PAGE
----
The project was inspired by synaesthesia, the phenomenon where two or more senses become interlinked, so one involuntarily produces a sensation in another. For example a sound may produce the sensation of a touching a particular texture, or – as in this case – looking at a colour evokes a smell. The result is a collection of limited edition sunglasses and a scent that together work to fuse sight and smell.
To begin, Byredo’s master perfumer took a tour of Oliver Peoples’ home in Los Angeles, wearing glasses with different coloured lenses, each of which enabled him to envision a different smell linked to a shade. He then blended them into a multi-faceted fragrance that’s fresh and clean, yet spicy. Think green juniper berries and Californian lemon, blue orris and patchouli, plus amber musk and warm sand in a sophisticated, unisex combination.
The eau de parfum comes in three bottles – indigo, champagne and green – as do the lenses of the Wayfarer-style sunglasses. However this cool concept goes beyond matching your sunnies to your scent. A spritz of the fragrance while wearing the green lenses or indeed, just looking at the mossy-coloured bottle brings those sharp, citrusy notes to the fore, as does the musky facet when you focus on the champagne shade and so on. It sounds strange but works eerily well.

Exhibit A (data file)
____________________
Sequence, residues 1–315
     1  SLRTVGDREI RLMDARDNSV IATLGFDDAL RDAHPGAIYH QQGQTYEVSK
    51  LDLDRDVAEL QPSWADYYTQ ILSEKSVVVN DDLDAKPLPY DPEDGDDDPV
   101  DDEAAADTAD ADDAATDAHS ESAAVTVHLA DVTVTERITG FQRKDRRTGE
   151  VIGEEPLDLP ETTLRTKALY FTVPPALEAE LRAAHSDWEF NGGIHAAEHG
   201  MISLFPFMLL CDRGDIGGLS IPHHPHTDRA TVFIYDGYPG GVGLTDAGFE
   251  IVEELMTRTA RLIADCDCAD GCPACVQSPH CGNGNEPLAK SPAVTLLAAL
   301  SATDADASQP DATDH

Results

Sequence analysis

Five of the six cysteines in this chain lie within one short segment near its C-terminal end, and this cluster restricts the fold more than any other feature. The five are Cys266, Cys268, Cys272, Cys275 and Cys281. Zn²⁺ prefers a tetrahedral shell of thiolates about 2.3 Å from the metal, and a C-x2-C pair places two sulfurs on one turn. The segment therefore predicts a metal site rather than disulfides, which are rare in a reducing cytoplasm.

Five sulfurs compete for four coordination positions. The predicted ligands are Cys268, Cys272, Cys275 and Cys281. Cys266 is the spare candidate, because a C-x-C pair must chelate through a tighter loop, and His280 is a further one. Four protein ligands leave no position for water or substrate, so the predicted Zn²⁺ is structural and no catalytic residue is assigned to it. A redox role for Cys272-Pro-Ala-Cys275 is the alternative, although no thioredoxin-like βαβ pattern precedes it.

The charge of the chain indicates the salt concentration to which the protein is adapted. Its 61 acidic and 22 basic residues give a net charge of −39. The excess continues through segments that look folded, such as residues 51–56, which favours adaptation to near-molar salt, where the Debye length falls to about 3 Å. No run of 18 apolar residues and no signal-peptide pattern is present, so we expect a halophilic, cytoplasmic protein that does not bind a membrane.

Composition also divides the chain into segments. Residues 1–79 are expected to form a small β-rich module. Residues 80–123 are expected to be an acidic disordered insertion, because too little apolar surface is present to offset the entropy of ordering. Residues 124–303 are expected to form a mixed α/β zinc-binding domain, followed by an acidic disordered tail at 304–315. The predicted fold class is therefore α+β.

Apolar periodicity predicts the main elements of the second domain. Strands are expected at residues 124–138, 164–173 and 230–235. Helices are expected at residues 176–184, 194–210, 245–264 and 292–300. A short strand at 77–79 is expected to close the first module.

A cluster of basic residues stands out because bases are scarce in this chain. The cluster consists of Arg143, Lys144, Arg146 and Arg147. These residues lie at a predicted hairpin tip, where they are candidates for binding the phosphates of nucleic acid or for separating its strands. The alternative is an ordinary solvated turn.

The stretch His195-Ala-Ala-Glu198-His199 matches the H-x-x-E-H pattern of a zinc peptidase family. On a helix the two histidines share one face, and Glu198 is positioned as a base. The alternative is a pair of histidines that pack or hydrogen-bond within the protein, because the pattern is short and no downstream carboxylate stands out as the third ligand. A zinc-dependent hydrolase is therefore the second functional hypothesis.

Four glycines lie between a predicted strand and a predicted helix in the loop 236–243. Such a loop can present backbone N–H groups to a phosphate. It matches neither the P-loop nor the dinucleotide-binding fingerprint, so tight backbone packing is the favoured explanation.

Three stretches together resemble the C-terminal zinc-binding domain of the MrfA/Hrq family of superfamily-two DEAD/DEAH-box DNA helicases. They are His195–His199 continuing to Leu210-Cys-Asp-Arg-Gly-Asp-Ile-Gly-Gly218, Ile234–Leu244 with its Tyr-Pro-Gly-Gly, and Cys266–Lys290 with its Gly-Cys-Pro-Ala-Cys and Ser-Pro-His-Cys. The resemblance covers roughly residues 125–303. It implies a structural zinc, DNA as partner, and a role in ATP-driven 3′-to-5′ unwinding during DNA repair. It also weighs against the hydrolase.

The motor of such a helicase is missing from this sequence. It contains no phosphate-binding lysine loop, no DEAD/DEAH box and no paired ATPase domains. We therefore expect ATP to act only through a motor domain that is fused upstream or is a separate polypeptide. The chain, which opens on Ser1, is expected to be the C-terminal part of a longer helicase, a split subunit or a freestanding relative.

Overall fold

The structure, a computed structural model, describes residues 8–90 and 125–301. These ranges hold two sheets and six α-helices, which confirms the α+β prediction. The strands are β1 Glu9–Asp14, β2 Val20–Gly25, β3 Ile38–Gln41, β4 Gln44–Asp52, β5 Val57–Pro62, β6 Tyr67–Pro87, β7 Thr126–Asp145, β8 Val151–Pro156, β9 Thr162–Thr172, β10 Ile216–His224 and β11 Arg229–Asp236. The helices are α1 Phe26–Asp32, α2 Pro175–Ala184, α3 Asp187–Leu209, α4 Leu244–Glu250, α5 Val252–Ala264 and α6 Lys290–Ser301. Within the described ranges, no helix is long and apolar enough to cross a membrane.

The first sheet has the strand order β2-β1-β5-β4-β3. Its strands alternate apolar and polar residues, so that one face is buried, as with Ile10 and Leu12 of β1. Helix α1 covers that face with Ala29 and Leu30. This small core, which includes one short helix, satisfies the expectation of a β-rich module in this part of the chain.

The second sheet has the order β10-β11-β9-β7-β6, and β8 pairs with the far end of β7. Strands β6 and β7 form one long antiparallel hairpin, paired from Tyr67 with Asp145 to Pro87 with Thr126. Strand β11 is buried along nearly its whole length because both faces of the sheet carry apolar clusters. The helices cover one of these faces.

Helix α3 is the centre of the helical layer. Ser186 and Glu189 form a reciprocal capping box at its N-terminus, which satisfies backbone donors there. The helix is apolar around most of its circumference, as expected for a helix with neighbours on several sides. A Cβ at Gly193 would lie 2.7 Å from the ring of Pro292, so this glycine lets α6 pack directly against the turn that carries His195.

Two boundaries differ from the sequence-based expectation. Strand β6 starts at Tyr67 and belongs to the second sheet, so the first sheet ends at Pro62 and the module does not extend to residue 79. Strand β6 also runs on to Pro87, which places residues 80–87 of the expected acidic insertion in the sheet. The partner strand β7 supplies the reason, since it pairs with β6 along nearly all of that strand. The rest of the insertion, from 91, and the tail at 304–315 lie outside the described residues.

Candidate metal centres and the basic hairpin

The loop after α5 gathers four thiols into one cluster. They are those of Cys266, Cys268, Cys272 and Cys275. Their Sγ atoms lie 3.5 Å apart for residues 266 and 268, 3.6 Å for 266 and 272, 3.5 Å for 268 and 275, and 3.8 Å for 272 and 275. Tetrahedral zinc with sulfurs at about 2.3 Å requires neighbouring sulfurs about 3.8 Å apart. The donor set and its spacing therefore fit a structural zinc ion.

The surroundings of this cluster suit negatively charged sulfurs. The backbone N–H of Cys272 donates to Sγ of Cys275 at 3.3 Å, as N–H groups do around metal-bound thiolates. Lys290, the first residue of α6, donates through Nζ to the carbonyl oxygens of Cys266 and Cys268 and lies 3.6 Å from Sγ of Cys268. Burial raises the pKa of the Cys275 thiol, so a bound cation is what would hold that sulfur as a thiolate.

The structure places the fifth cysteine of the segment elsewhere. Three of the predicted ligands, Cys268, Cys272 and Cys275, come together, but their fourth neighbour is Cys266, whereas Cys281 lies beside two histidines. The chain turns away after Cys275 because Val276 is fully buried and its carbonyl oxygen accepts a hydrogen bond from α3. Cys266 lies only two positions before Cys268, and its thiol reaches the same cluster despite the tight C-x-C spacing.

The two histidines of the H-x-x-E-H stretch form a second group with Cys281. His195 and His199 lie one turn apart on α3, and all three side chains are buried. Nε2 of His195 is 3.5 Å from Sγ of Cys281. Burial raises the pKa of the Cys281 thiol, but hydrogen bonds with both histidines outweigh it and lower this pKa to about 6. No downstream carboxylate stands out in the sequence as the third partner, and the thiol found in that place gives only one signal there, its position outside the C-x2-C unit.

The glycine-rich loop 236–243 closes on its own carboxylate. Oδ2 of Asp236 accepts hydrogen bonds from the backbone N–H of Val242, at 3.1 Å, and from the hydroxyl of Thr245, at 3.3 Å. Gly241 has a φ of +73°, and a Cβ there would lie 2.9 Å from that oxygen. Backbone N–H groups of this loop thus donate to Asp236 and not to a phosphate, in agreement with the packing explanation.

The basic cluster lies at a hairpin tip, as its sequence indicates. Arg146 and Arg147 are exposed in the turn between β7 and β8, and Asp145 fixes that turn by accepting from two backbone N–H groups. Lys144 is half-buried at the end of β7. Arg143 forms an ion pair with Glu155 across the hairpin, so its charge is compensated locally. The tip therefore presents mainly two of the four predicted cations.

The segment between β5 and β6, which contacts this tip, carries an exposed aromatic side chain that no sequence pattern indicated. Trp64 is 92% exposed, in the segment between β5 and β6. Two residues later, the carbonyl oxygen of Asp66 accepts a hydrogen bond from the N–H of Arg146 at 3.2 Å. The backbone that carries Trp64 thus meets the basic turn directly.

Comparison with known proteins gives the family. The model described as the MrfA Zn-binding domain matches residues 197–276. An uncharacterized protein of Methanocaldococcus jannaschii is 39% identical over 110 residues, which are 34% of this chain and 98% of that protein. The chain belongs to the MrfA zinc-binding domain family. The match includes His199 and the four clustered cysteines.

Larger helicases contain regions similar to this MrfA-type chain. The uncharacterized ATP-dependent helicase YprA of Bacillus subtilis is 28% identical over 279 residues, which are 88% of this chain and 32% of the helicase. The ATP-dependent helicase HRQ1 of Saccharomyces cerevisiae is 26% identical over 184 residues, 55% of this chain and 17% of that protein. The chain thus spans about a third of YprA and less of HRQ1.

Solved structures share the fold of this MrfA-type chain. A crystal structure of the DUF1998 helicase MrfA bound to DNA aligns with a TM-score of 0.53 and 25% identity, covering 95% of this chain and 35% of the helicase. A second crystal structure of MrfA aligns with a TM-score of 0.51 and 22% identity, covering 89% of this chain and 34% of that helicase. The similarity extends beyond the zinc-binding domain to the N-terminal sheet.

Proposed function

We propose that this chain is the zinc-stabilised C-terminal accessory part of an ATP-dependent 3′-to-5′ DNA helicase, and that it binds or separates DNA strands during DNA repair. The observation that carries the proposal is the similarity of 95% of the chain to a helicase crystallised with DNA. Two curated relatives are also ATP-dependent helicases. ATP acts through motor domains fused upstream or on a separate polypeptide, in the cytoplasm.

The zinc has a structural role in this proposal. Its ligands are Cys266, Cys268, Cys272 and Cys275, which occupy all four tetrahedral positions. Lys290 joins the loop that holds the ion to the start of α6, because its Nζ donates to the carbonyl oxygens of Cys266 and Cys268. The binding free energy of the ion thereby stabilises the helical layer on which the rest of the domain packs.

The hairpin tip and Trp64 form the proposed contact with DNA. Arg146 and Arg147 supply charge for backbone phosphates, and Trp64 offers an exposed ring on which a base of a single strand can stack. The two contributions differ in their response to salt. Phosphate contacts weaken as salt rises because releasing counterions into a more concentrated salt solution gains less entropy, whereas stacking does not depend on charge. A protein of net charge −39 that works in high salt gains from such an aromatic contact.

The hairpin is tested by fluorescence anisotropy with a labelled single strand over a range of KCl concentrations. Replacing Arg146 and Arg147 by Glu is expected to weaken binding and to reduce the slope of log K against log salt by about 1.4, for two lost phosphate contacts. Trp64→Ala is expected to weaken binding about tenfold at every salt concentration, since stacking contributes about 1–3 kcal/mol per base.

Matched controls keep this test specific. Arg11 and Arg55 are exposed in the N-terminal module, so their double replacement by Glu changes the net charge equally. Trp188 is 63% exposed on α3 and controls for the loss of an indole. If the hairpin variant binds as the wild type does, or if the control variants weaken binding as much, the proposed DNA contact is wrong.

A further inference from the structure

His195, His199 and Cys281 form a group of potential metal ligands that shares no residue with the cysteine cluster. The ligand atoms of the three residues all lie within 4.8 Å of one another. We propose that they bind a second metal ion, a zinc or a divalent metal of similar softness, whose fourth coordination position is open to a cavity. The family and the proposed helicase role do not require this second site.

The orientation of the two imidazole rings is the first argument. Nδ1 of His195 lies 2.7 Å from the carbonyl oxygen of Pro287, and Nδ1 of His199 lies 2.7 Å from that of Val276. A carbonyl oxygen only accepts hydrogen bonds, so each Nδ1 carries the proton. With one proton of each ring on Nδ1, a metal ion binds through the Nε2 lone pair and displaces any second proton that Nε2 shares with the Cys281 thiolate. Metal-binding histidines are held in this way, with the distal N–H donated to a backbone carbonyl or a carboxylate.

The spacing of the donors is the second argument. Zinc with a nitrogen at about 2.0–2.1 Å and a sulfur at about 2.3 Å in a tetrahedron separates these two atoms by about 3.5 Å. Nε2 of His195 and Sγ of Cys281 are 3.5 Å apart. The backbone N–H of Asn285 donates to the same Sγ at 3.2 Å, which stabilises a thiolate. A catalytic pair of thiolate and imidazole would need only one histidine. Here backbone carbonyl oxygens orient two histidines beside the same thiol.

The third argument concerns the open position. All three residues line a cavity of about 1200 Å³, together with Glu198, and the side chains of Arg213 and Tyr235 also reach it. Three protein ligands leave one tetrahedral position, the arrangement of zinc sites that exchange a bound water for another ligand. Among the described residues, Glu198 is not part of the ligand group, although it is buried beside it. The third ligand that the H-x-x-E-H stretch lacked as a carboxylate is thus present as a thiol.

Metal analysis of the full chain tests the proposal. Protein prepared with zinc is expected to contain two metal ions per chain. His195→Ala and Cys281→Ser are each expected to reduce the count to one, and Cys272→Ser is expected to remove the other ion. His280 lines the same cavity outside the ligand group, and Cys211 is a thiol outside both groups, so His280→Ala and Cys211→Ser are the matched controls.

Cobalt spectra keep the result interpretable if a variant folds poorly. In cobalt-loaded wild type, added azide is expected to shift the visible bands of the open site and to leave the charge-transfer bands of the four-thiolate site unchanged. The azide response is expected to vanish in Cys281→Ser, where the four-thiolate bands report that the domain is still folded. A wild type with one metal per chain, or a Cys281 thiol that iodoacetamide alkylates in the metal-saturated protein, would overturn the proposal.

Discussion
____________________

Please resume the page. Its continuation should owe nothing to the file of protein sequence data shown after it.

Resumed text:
This kind of quality and craftsmanship may come at a price – the Eau de Parfum swings a £105 tag, while the shades are £315 and a box set of both is £400 – but it’s not everyone who can say that their chic shades can enhance their sense of smell. Maybe synaesthesia isn’t simply a phenomenon but in fact a superpower?